Jack finally gets a Wednesday blog post up on time – – –
Back in the 1990s I was working as a middle manager in a local Scottish community college. I was head of construction crafts, and that department was fairly low in the pecking order. So I decided to find a focus for us that would boost our profile.
I had been interested in environmental topics for a while and did some research. That resulted in a series of projects funded by the EU and with partners all over Europe. The college senior management supported me and I traveled regularly from Belgium to Denmark and Germany and Italy and even eventually to Romania and Vietnam.
But I worried continually that I wasn’t always producing the educational outcomes that I had promised. It was many years later that I discovered that these were never the expected outcomes in the first place. It was always just about getting people from different countries and cultures to interact and talk to each other!
This brings me to the real point –
I discovered a few weeks ago that my hard-won US Citizenship can be arbitrarily taken from me at the drop of a hat and the whim of a faceless bureaucrat. This seems to mirror what’s going on in Britain right now as well. Not just there but all over the world there seems to be a resurgence of the fear of ‘the other’.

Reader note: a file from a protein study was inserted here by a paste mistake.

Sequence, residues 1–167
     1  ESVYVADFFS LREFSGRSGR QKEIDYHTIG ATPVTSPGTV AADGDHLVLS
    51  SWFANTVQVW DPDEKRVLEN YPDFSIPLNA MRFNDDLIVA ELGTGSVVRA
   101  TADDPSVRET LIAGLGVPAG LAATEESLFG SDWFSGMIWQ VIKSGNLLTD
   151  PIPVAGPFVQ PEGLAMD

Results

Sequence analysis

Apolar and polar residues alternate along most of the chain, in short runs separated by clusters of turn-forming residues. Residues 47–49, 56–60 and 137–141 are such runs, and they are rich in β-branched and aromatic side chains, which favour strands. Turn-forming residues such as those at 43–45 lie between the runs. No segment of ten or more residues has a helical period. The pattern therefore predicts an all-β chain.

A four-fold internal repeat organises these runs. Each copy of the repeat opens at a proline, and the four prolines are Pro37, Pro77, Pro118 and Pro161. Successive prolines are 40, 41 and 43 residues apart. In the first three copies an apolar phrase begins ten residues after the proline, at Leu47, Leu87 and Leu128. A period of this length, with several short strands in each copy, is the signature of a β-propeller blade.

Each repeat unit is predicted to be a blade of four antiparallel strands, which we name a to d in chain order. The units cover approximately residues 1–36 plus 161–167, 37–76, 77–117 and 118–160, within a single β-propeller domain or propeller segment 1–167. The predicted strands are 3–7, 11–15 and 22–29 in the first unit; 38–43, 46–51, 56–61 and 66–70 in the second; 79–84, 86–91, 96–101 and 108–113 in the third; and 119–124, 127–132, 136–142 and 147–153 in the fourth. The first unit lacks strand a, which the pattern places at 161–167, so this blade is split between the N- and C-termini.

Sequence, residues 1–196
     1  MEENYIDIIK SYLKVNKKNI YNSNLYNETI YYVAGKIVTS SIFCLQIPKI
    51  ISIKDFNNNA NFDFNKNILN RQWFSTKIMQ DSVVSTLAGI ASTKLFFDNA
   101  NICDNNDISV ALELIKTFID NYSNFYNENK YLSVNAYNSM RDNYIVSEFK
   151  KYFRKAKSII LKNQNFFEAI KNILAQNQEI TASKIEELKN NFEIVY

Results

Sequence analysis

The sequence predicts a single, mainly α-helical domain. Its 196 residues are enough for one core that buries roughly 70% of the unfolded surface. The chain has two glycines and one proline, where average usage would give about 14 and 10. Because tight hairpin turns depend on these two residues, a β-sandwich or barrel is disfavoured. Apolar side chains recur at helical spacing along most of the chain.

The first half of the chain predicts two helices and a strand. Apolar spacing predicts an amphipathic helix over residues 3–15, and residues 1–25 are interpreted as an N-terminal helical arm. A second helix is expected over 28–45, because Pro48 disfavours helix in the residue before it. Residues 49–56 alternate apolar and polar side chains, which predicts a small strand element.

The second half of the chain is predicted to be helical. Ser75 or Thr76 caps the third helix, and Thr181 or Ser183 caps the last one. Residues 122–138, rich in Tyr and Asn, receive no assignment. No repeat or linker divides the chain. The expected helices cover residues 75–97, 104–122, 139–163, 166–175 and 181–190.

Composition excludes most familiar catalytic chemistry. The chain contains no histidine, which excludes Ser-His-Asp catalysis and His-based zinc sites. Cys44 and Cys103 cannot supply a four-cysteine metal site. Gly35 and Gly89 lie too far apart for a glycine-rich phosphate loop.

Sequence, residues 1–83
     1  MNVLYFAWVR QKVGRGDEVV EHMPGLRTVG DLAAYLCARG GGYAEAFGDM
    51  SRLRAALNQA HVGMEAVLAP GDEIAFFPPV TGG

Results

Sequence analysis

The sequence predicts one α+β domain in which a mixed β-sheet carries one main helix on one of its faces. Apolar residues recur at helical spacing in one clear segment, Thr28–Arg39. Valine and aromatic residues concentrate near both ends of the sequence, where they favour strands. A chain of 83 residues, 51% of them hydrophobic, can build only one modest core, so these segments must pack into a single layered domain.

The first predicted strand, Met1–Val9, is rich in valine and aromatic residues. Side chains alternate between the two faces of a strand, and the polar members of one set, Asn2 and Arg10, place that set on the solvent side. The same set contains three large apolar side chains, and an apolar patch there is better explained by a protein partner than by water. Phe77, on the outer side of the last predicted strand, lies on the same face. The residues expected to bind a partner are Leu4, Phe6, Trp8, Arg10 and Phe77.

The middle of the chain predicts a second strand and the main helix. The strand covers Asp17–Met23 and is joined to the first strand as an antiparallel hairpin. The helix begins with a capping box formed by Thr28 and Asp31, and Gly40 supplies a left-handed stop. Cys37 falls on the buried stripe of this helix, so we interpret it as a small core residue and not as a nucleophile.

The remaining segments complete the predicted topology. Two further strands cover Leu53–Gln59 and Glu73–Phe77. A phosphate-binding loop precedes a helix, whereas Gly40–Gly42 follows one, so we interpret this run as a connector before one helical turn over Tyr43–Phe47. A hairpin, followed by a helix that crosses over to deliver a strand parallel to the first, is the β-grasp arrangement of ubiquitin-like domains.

Of course I don’t expect to be deported any time soon. I’m not black or Hispanic. Not Mexican or Muslim. Not Catholic or Italian. Not Irish or Chinese. I’m a white guy from Scotland – – –
So come on folks. It’s time to put all this nonsense behind us. We inhabit a tiny dot in the universe and we need to look after each other – and that tiny dot too!
“There are some oddities in the perspective with which we see the world. The fact that we live at the bottom of a deep gravity well, on the surface of a gas covered planet going around a nuclear fireball 90 million miles away and think this to be normal is obviously some indication of how skewed our perspective tends to be, but we have done various things over intellectual history to slowly correct some of our misapprehensions.” – Douglas Adams